du E =u Ekk ,h k ,t k)−u Eii ,h i ,t i)  (23)
where k, i=1, 2, . . . , K.

The objective is to correlate the wind velocities along the flight path. Therefore, it would be desirable to replace the eight arguments in the wind difference equations with time, which represents the traveling time between two measurement points. In the present embodiment, the two points are the location of the ownship and the wake-generating aircraft.
t r =√{square root over (t 2 N +t 2 E +t 2 D +(t k −t i ) 2 )}  (24)
where tN, tE, and tD are the traveling time due to distance in the north, east, and down directions, respectively. These times are determined from the difference in location of the two points of interest and the horizontal (VH) and vertical (VD) velocities. t N = ( λ k - λ i ) R V H ( 25 )
where R is the radius of the earth. t E = ( Λ k - Λ i ) R cos ( λ i ) V H ( 26 ) t D = ( h k - h i ) V D ( 27 )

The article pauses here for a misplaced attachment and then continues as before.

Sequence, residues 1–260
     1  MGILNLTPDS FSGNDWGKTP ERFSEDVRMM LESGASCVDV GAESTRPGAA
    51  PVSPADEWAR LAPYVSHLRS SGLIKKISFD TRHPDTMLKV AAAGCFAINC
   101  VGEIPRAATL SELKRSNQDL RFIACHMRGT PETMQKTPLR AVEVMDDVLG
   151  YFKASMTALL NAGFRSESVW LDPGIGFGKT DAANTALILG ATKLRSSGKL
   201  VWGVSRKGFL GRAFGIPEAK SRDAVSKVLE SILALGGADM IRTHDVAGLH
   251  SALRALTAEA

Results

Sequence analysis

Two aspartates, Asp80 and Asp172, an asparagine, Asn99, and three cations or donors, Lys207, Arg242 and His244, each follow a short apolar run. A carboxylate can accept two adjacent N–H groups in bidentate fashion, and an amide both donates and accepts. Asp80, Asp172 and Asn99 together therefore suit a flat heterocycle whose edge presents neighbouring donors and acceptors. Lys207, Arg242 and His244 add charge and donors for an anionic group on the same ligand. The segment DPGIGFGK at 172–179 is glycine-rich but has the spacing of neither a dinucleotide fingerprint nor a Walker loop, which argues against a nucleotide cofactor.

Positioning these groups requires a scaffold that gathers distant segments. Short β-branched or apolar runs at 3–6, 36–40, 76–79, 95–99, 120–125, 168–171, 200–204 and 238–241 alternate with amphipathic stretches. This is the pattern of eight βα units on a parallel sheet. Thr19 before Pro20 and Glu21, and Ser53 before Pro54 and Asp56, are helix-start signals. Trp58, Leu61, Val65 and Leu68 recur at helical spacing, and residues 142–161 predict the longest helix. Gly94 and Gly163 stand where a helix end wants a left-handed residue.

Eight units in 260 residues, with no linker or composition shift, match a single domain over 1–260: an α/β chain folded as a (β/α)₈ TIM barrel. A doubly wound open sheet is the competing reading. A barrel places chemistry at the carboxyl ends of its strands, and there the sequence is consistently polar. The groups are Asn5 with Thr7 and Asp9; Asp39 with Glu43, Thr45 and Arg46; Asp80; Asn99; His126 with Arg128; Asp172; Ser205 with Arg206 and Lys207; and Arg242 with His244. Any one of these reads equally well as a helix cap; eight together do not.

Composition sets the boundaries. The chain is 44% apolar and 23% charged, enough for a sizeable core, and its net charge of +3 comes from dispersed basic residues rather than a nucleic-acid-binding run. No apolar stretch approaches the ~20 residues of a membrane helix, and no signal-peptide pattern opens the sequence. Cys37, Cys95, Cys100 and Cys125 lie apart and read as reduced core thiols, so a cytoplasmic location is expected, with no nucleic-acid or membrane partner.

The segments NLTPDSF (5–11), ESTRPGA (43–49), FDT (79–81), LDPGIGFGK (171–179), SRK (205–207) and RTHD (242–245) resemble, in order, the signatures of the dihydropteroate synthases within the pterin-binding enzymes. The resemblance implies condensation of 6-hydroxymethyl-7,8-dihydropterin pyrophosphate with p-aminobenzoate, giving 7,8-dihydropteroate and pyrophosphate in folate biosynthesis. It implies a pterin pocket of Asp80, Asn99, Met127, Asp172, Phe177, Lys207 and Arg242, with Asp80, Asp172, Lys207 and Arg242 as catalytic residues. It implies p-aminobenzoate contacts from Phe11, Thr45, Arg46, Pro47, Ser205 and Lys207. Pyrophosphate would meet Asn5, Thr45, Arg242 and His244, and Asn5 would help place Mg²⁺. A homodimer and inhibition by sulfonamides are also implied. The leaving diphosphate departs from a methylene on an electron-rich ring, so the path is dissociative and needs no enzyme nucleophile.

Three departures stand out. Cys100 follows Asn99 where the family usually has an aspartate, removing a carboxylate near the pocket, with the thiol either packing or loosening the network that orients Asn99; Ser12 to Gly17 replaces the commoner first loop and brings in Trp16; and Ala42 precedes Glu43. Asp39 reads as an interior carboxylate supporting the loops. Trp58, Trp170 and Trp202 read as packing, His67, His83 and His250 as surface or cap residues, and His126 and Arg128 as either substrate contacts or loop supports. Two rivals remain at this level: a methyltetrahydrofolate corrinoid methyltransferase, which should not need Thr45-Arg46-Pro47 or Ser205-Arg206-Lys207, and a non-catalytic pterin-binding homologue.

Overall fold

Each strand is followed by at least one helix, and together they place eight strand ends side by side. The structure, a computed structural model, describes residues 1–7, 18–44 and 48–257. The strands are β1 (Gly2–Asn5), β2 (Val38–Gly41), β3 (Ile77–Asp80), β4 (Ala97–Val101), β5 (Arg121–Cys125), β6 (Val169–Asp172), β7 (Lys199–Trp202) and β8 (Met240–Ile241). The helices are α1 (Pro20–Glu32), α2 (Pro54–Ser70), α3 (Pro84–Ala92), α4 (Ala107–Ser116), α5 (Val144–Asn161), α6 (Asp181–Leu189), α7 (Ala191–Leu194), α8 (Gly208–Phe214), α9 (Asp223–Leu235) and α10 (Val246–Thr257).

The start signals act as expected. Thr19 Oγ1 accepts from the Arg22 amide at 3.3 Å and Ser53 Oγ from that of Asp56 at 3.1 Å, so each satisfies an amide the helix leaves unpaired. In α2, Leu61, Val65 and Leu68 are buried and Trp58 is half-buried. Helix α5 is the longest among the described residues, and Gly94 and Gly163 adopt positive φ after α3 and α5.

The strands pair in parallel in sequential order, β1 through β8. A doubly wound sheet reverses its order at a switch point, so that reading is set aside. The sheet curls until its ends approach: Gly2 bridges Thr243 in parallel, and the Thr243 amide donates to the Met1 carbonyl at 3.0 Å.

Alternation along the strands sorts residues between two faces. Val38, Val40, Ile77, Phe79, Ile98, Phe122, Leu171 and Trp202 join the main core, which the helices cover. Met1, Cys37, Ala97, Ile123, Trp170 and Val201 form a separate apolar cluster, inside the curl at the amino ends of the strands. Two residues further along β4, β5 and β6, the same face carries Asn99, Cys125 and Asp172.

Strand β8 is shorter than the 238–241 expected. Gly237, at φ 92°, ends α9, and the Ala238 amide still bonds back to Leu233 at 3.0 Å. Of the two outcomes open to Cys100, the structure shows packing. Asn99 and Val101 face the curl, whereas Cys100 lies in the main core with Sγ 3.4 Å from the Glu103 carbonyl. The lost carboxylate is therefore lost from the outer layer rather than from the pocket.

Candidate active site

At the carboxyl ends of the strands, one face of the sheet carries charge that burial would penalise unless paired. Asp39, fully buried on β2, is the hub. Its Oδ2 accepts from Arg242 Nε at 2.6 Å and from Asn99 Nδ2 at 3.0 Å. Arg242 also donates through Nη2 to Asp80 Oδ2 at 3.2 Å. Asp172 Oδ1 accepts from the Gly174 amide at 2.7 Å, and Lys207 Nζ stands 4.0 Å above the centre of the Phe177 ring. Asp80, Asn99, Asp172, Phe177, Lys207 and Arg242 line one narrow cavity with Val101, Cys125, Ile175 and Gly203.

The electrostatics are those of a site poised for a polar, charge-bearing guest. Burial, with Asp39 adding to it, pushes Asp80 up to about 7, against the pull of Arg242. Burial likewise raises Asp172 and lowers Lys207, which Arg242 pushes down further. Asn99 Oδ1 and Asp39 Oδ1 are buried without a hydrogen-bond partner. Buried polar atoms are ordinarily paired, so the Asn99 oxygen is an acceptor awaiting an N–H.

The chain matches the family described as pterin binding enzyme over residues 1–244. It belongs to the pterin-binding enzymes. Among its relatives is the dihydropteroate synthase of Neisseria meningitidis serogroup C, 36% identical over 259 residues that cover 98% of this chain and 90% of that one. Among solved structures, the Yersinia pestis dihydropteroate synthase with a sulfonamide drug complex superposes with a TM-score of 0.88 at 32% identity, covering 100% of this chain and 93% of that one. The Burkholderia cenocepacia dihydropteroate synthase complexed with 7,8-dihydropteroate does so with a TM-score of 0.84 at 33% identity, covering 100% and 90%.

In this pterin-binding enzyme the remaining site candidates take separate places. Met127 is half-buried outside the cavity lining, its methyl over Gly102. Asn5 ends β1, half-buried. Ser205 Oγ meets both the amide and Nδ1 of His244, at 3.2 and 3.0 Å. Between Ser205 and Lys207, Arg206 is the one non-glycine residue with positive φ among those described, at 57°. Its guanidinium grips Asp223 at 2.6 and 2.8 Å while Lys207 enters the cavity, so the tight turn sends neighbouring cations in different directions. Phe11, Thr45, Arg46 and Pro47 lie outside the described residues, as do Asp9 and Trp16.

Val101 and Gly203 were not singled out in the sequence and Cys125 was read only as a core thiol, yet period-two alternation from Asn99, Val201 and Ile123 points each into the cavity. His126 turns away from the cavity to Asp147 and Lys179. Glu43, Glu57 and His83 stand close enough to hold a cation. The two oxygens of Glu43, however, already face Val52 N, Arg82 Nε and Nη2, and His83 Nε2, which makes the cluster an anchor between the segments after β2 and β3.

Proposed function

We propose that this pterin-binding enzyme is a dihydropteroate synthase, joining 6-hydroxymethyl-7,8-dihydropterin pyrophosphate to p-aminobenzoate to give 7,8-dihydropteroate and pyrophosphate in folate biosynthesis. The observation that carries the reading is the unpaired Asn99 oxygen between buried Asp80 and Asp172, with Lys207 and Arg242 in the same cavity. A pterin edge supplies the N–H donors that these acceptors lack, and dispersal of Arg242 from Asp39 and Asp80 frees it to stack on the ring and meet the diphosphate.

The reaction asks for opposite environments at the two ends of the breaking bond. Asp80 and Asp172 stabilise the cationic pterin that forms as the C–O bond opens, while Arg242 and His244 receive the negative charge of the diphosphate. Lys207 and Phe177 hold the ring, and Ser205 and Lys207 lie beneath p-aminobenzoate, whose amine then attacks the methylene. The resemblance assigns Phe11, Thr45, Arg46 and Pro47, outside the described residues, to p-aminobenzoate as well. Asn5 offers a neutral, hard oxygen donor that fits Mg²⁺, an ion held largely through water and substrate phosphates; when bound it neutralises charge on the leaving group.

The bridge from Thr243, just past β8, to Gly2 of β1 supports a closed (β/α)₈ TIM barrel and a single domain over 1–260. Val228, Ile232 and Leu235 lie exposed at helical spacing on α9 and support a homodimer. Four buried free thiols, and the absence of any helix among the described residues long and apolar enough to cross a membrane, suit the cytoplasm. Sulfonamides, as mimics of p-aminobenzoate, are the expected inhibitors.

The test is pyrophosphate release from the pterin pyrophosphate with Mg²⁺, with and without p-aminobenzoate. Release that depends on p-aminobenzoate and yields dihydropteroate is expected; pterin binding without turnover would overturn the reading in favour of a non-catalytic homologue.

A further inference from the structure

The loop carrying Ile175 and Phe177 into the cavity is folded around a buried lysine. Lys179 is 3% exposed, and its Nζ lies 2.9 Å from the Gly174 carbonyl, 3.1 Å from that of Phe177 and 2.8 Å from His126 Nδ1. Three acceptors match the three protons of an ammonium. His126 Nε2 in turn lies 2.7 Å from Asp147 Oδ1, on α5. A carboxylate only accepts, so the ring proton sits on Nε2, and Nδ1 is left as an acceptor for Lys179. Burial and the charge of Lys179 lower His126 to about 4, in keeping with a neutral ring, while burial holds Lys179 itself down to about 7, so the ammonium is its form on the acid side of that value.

Berman and Powell conducted a statistical analysis by calculating the root mean square (rms) of the wind differences corresponding to various traveling time ranges. A function of wind difference rms with respect to traveling time was obtained. Berman and Powell found that a first order Markov process with 400 seconds correlation time and 5 m/sec variance modeled the wind velocity errors very well. The Berman-Powell statistical model is, therefore, used on-board the following aircraft to estimate the wind speed and direction at the wake-generating aircraft from the known wind speed and direction. As one skilled in the art would appreciate, the present invention is not limited by the use of the Berman-Powell statistical model and can be implemented to use any suitable statistical model that correlates well with the actual wind data. Moreover, as discussed herein, when advances in technology enable the on-board instrumentations such as sensors to be more accurate, reliable, and responsive in real time, the present invention can be implemented to obtain and utilize actual wind data.